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How this 28-year-old built up his mobile bar business from his bedroom

Co-founder of mobile bartending startup Mixes from Mars, Roger Yip shares how he turned his bedroom bar business into a custom mixology and events management offering.

Are you a fan of bespoke or unique cocktails? Once upon a time, former bartender Roger Yip, might’ve been the man to shake or stir one up for you. Now, Yip, 28, spends his days developing his mobile bartending and mixology services business, Mixes from Mars.

In an industry that sees many bar concepts open and shut every year, Mixes from Mars is standing the test of time – seven years to be precise – capitalising on the love for personalised cocktails and themed parties.

“Our beverage services have always been of an all-encompassing, customised nature,” said Yip. “We break them down into more specific types of services and drink types, such as our ‘molecular cocktails service’, ‘bespoke bar’ or ‘themed menus’. We have and will always provide customised solutions.”

While its mobile bars continue to pop up at some of the country’s glitziest events – the Singapore Grand Prix is an annual affair for the business – Mixes’ beginnings couldn’t be humbler.

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In 2013, when Yip was working at bespoke bar, Bar Stories at Haji Lane, he was asked by his manager to help mix cocktails at an external event. What was initially considered a one-time gig very quickly grew into a business opportunity as guests started asking for name cards, wanting to find out how they too can hire bartenders for private parties.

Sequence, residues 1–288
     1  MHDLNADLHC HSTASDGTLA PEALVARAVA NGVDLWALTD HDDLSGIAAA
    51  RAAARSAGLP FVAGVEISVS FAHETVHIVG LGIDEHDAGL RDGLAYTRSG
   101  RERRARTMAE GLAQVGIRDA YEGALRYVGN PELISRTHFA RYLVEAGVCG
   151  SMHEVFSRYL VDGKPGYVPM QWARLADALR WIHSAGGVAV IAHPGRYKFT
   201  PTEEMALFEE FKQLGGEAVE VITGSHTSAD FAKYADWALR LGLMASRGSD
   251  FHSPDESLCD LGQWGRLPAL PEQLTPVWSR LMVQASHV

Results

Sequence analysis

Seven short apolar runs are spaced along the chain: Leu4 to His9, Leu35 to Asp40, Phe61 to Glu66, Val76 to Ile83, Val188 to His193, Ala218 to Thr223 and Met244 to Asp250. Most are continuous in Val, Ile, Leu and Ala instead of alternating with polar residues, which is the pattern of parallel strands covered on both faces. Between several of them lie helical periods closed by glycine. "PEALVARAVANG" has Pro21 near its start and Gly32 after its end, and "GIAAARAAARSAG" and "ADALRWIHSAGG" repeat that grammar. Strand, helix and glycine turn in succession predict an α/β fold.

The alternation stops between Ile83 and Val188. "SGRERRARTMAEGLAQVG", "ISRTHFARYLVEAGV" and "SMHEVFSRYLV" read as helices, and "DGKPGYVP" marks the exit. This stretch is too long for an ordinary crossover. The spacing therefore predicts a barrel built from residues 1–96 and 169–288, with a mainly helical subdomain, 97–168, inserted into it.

“All of this happened in my first year of university,” said Yip. By day, Yip was undertaking a Bachelor of Accountancy course at Singapore Management University, and by night he was running a pop-up bar service out of his home “for a good year till my mother chased me out,” he said, laughing.

The business started with a small capital of S$2,000, as Yip collected lots of liquor, bar tools and glassware at home to serve friends. 

“[Back then] my co-founder Mike Lim and I didn’t have a vehicle. We just took two cabs – one to hold all the glasses, one to hold all the ingredients. It started out really messy, and we didn’t have our mobile bars back then. It was very ugly – it was a table with a black cloth on top of it.”

The firm goes by the mantra, “Drinks for every occasion” and has everything a host might need – whether it’s an intimate affair for 15 guests at home, a raving party with a guest list of 5,000, or a corporate team-building session with a make-your-own-mocktails workshop.

“For every client, we design the menu according to the theme,” said Yip. “If they’re launching a product, we’ll do a drink based on that. We are, in a sense, artists. We like to experiment, to do things that are a bit funky or wacky – especially in molecular mixology. At F1 [this year], we froze the cocktail into a lollipop. Every year they challenge us to rack our brains and come up with something different – we have done so for the past three to four years at F1.”

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(Photo: Mark Lee)

While Mixes continues to succeed in the mobile bar business, it has since diversified its portfolio of services. “Our vision has always been about bringing people closer through drinks, and now we bring people together at events through drinks and also at the bar through drinks.”

The Mixes services includes events management, food catering, equipment rental and live entertainment. The firm also runs Hopscotch at Gillman Barracks, a bar that has built a name for itself serving cocktails with a local twist.

Hopscotch in Gillman Barracks. (Photo: Mixes from Mars)